- Those that ignore history are doomed to repeat it. Now, replacing an EHR is by no means dire, but it represents a significant investment if not in money (in light of “free” EHR or EHR donations) then in resources (e.g., time, energy). The hope of the EHR replacement process is that healthcare organizations and providers will take the lessons learned in their previous experiences and apply them to the task of selecting, implementing, and adopting a new EHR solution.
So what is the recipe for EHR replacement success? Well, you’ll need a few ingredients:
• Executive sponsorship
• Clinician buy-in
• Project management
• Change management
• Data selection and migration
• Proper training
• Suitable EHR vendor and solution
• Realistic expectations*
*These are optional but do make the experience more palatable
Having the right ingredients only accounts for half the task; the other half comprises having the right balance. What follows is a list of areas often overlooked or undervalued in the process of transitioning from one EHR system to the next:
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Identify key stakeholders: Executive sponsorship and clinician buy-in is key to any EHR adoption. When that adoption is an EHR replacement, avoiding previous shortcomings requires getting the right people around the table, most especially its power users (i.e., clinicians). That being said, the motivation to replace an existing EHR might be the result of an organizational imperative to streamline the business of the hospital or practice, says Todd Rothenhaus, MD, Vice President & Chief Medical Officer of athenahealth.
“In the old days, the administration picked the practice management system and they deferred to the doctors completely for the EHR,” continues Rothenhaus, “and then we all woke up, especially in the ambulatory world, to the fact that integrating practice management and EHR was a pretty important thing. Having two people on separate systems just is doable but not optimal.”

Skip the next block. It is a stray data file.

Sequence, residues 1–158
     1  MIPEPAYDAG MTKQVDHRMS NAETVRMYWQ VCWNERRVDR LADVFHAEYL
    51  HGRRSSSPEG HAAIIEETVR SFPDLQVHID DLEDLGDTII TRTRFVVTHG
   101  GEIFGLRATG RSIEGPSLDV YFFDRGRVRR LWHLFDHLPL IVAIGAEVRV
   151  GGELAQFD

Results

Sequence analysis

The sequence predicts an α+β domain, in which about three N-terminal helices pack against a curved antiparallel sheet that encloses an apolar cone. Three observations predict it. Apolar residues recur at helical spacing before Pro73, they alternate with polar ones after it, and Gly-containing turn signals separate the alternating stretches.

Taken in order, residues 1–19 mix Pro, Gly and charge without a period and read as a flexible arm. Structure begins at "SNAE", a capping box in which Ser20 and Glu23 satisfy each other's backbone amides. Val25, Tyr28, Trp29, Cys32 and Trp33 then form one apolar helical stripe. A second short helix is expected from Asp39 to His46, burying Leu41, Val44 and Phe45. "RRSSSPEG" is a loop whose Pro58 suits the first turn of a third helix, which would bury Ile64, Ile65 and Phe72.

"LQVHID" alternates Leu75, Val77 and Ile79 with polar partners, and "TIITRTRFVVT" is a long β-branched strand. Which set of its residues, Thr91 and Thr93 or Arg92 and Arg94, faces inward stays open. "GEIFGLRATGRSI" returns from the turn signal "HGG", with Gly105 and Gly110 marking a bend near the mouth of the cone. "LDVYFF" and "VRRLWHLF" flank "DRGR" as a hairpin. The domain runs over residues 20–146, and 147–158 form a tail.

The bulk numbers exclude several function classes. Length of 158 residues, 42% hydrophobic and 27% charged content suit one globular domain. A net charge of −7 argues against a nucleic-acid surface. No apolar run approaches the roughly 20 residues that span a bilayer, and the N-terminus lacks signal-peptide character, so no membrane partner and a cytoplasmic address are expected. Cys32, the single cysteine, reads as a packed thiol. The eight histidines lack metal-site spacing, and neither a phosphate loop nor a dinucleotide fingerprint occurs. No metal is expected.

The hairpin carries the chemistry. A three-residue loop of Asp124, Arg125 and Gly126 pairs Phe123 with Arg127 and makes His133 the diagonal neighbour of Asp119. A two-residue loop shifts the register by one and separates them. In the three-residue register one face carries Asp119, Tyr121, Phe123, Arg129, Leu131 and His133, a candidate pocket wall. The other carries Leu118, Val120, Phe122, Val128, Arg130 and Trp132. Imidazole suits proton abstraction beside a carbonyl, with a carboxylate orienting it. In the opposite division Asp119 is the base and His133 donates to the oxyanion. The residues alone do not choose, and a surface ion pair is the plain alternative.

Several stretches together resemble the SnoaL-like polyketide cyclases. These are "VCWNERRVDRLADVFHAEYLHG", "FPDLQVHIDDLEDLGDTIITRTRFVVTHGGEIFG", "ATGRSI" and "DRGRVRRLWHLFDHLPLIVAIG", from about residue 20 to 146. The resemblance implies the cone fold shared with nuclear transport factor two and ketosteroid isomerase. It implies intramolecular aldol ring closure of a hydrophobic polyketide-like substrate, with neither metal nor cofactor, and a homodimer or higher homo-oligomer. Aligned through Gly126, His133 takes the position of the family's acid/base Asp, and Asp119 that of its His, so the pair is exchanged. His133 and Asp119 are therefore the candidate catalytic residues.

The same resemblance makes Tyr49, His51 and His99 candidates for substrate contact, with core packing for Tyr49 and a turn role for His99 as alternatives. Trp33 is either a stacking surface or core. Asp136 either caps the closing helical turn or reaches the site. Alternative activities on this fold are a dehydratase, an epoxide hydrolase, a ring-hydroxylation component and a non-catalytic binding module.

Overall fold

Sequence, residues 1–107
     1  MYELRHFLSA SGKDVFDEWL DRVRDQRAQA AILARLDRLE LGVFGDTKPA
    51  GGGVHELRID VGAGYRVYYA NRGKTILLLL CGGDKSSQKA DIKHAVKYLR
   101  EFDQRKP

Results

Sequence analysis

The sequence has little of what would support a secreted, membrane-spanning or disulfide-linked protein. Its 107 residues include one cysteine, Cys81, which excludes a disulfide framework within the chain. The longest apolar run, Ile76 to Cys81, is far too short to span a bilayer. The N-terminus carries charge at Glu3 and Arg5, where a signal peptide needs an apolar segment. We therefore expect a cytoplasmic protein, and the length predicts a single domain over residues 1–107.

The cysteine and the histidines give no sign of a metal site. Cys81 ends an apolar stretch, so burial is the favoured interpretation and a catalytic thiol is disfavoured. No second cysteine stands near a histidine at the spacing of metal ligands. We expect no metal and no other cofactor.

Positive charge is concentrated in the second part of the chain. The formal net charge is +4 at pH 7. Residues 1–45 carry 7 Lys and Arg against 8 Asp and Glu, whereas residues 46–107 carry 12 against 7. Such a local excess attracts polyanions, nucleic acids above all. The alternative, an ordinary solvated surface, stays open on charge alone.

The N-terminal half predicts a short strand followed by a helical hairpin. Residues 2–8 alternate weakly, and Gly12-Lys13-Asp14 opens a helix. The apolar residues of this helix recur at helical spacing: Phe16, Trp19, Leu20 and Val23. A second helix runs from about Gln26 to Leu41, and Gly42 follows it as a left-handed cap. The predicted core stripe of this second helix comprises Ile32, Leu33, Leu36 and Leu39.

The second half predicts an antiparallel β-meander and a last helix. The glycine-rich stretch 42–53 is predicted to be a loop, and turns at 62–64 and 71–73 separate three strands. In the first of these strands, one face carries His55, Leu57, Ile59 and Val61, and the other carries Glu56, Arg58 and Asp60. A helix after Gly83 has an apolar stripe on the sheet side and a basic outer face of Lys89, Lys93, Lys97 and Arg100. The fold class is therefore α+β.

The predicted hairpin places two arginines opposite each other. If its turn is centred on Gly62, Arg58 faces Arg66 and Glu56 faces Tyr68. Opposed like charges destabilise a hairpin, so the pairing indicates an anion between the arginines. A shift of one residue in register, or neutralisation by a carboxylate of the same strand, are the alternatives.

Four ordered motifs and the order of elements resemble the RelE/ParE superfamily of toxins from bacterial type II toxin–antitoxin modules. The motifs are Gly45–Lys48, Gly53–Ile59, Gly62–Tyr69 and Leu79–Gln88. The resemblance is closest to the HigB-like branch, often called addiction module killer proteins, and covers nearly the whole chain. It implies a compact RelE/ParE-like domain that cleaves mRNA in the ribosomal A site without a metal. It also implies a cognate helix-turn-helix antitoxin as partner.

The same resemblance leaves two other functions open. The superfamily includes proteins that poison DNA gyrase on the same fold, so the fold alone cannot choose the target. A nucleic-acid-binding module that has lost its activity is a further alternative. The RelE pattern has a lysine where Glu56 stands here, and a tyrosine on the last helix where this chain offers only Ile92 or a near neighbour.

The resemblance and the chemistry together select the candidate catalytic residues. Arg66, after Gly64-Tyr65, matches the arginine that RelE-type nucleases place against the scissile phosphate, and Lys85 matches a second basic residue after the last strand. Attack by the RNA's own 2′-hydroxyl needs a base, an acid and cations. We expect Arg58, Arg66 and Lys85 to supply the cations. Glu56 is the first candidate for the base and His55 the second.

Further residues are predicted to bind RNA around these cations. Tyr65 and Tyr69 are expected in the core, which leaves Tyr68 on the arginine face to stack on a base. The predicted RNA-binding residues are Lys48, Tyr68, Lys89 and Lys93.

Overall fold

In this instance, stakeholders need to come from all departments whose clinical and administrative workflows will be affected by the new EHR system.
Appreciate the role of change management: People fear change. Clinicians are people. Clinicians, therefore, fear change. The challenge for healthcare CIOs and senior leadership is to mitigate the discomfort associated with making the switch. This was the lesson that Tripp Jennings, MD, System Vice President and Medical Informatics Officer for Palmetto Health, learned as he guided providers — some on EHR systems, others not — through the EHR replacement process:
It was like a crash course in change management. It’s very difficult but much more difficult from a human standpoint than it is from a technical standpoint. Technical challenges can be and have been resolved. It’s really the process of changing everybody’s workflows and taking a practice from a paper system to an electronic system. You have to stop and evaluate all of the clinical and workflow processes. You can’t just take a paper system and plug it into an EMR, no matter what the vendor. The real challenges are doing that while still keeping a practice performing at an acceptable level.
In short, the human element can’t be taken too lightly. That being said, the task of moving between EHR systems isn’t as daunting as moving from paper to electronic. “Most of the clinicians in a practice overestimate the work of learning a new EHR. The barrier between paper and any EHR is greater than from an EHR to EHR alone,” athenahealth’s Rothenhaus observes.